- Eye damage: Diabetes increases the risk of serious eye diseases, such as cataracts and glaucoma, and can damage blood vessels in the retina, potentially leading to blindness.
- Skin diseases: Diabetes can make you more susceptible to skin problems, including bacterial and fungal infections.
- Slow healing: If left untreated, cuts and blisters can develop into serious infections, which may not heal well. A serious injury may require the amputation of the fingers, feet, or legs.
- Hearing impairment. Hearing problems are more common in people with diabetes.
- Sleep apnea: Obstructive sleep apnea is common in people with type 2 diabetes. Obesity may be the main contributing factor to both conditions. It is not known whether treatment for sleep apnea improves blood sugar control.
- Dementia: Type 2 diabetes appears to increase the risk of Alzheimer’s disease and other disorders that cause dementia. Poor blood sugar control is linked to a faster decline in memory and other thinking skills.
Type 2 Diabetes Treatment
Managing type 2 diabetes involves a mix of lifestyle changes and medications.
- You may be able to reach target blood sugar levels with diet and exercise alone.
- Weight loss: Losing extra pounds can help. While losing 5% of your body weight is a good thing, losing at least 7% and keeping it off seems to be ideal. This means that a person weighing 180 pounds can change their blood sugar level by losing about 13 pounds. Losing weight can seem overwhelming, but portion control and eating healthy foods is good place to start.
- Eat healthily: There is no specific diet for type 2 diabetes. A registered dietitian can teach you about carbohydrates and help you set up a meal plan that you can follow.
- Focus on: Eat fewer calories ,Cut down on refined carbohydrates, especially sweets , Add fruits and vegetables to your diet , Get more fiber.
- Exercise: Try to 30 to 60 minutes of physical activity each day You can walk, cycle, swim, or do any other activity that increases your heart rate.Pair it with strength training, like yoga or weight lifting. If you are taking a blood sugar lowering medication, you may need a snack before a workout.
- Check your blood sugar level Depending on the treatment, especially if you are taking insulin, your doctor will tell you if and how often you need to check your blood sugar.
If lifestyle changes are not getting you to target blood sugar levels, you may need medication. Some of the most common for type 2 diabetes include:
- Metformin (Fortamet, Glucophage, Glumetza, Riomet): It is usually the first medicine used to treat type 2 diabetes. It reduces the amount of glucose produced by the liver and helps the body respond better to the insulin it produces.
- Sulfonylureas: This group of drugs helps your body make more insulin.They include glimepiride (Amaryl), glipizide (Glucotrol, Metaglip) and glyburide (DiaBeta, Micronase).
- Meglitinides: They help your body make more insulin and work faster than sulfonylureas. You can take nateglinide (Starlix) or repaglinide (Prandin).
- Thiazolidinediones: Like metformin, they make you more sensitive to insulin. You can take pioglitazone (Actos) or rosiglitazone (Avandia).But they also increase the risk of heart problems, so they’re usually not a first choice for treatment.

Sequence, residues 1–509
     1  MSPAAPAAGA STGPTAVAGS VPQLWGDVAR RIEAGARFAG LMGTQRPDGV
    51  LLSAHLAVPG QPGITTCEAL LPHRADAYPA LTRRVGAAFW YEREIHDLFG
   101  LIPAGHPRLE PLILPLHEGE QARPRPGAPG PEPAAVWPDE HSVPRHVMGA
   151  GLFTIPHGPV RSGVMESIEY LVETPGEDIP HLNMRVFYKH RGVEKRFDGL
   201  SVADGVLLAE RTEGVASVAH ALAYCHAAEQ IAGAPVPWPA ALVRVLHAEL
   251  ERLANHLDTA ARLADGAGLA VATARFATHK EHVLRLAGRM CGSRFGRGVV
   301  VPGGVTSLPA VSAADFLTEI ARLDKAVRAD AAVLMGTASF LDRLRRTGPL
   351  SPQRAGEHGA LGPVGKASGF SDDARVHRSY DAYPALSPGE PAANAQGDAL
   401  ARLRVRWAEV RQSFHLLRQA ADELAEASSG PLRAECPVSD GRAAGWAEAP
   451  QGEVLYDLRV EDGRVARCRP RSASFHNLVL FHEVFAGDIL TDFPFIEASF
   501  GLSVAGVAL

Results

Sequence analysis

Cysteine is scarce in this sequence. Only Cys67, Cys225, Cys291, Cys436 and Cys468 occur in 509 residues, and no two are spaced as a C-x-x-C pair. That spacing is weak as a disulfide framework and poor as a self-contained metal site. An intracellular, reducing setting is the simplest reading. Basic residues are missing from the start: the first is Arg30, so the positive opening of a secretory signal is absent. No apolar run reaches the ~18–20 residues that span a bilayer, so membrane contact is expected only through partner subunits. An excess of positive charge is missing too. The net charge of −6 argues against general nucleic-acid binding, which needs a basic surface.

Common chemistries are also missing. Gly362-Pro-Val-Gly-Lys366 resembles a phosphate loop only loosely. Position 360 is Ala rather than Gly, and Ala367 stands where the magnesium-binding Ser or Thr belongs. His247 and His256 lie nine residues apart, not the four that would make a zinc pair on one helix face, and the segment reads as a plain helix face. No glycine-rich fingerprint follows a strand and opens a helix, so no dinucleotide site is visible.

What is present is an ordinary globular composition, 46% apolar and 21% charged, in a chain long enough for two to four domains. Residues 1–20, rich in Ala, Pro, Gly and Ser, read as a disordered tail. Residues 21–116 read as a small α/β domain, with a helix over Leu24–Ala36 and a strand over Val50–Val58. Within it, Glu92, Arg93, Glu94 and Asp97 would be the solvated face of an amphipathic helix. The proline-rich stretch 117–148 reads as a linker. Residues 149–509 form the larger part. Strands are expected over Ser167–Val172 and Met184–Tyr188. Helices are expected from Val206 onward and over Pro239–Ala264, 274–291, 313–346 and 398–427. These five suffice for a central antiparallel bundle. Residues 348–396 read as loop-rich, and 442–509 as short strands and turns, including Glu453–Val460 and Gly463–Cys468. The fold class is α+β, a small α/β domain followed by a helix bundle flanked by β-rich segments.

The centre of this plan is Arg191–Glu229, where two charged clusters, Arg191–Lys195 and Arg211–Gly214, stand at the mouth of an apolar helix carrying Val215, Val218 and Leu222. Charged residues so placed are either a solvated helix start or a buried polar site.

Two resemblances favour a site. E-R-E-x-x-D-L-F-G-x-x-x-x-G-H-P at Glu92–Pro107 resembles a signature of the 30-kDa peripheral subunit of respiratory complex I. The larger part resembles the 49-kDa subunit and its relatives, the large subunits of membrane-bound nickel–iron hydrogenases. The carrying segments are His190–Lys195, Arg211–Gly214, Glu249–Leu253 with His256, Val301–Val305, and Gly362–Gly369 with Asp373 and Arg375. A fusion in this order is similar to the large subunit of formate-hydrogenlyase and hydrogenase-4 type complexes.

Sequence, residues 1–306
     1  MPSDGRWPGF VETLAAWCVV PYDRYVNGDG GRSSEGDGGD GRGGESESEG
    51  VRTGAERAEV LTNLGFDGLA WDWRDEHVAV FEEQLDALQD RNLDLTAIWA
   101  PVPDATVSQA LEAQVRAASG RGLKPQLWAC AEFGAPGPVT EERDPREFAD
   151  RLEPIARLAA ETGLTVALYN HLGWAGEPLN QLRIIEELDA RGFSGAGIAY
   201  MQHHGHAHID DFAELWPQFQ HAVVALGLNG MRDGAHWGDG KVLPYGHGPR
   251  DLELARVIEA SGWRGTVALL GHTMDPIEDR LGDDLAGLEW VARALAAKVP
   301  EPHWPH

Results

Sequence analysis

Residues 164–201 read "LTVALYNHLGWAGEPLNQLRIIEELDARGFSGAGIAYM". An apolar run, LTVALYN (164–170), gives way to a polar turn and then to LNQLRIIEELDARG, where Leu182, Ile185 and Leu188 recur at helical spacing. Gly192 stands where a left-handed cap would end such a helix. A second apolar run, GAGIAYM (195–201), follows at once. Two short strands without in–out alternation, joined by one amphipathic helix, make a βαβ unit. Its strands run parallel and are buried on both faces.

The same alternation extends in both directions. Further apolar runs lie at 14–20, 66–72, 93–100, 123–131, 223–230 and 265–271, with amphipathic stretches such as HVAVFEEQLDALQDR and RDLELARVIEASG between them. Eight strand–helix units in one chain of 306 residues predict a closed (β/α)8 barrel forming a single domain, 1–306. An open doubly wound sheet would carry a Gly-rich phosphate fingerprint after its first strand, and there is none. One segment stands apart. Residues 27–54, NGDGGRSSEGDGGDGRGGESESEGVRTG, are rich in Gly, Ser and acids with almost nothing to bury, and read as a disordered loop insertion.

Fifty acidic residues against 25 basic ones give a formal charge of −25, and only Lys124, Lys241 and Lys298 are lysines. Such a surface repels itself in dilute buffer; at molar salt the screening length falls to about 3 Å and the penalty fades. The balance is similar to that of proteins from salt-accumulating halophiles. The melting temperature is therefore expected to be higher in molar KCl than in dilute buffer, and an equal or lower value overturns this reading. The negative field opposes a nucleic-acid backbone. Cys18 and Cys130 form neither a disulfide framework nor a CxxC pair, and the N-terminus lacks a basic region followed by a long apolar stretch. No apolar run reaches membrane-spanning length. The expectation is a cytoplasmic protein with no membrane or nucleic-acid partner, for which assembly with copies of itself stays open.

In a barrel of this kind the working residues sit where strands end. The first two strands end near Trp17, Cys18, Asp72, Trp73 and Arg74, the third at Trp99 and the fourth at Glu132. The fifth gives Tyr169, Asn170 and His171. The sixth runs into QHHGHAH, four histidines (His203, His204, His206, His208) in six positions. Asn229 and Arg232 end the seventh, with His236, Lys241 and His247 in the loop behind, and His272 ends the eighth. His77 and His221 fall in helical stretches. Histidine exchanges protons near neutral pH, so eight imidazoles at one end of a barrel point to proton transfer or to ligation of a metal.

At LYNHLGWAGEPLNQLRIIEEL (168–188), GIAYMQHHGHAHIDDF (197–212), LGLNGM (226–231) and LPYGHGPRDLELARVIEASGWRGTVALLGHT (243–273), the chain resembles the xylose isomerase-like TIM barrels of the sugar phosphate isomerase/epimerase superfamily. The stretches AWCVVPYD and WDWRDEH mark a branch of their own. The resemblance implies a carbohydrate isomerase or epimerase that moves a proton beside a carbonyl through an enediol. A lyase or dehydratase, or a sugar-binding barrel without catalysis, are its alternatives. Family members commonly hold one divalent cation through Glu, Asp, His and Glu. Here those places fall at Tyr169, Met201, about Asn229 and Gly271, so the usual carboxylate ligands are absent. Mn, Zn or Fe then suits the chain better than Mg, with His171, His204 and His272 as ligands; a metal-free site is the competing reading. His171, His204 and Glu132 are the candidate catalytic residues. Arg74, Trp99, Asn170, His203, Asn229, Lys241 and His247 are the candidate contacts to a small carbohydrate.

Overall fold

- DPP4 inhibitors: These medicines, linagliptin (Tradjenta), saxagliptin (Onglyza), and sitagliptin (Januvia) help lower blood sugar, but can also cause joint pain and inflame the pancreas.
- GLP1 receptor agonists: Take these medicines with a needle to slow digestion and lower blood sugar. Some of the most common are exenatide (Byetta, Bydureon), liraglutide (Victoza), and semaglutide (Ozempic).
- SGLT2 inhibitors: These help the kidneys to filter more glucose. You can take canagliflozin (Invokana), dapagliflozin (Farxiga), or empagliflozin (Jardiance). Empagliflozin has also been shown to be effective in reducing the risk of hospitalization or death from heart failure.
- Insulin: You may have long-lasting injections at night, such as insulin detemir (Levemir) or insulin glargine (Lantus).
Even if you make lifestyle changes and take your medications as directed, your blood sugar can get worse over time. It doesn’t mean you did anything wrong. Diabetes is progressive and many people eventually need more than one medication.
When you take more than one medicine to control Type 2 Diabetes Symptoms, it is called combination therapy. You and your doctor should work together to find the best combination for you. Usually, you will continue to take metformin and add something else.
What it is may depend on your situation. Some medicines control spikes in blood sugar (your doctor might call it hyperglycemia) that occur right after meals, for example.
Healthy lifestyle choices can help prevent type 2 diabetes, and this is true even if you have biological parents living with diabetes. If you’ve been diagnosed with prediabetes, lifestyle changes can slow or stop the progression to diabetes.
A healthy lifestyle includes
- Eat healthy foods Choose foods low in fat and calories and high in fiber Focus on fruits, vegetables, and whole grains.
- Engage in physical activity: Aim for 150 minutes or more per week of moderate to vigorous aerobic activity, such as brisk walking, biking, running, or swimming.
- Lose weight: Losing a modest amount of weight and keeping it at bay can delay the progression of prediabetes to type 2 diabetes. If you have prediabetes, losing 7-10% of your body weight can lower your risk of diabetes.
- Avoid inactivity for long periods of time: Staying still for long periods of time can increase your risk for type 2 diabetes. Try to get up every 30 minutes and be moving for at least a few minutes.
- For people with prediabetes, metformin (Fortamet, Glumetza, others), an oral diabetes medicine, may be prescribed to reduce the risk of Type 2 Diabetes Symptoms. This is usually prescribed for older people who are obese and unable to lower blood sugar levels with lifestyle changes.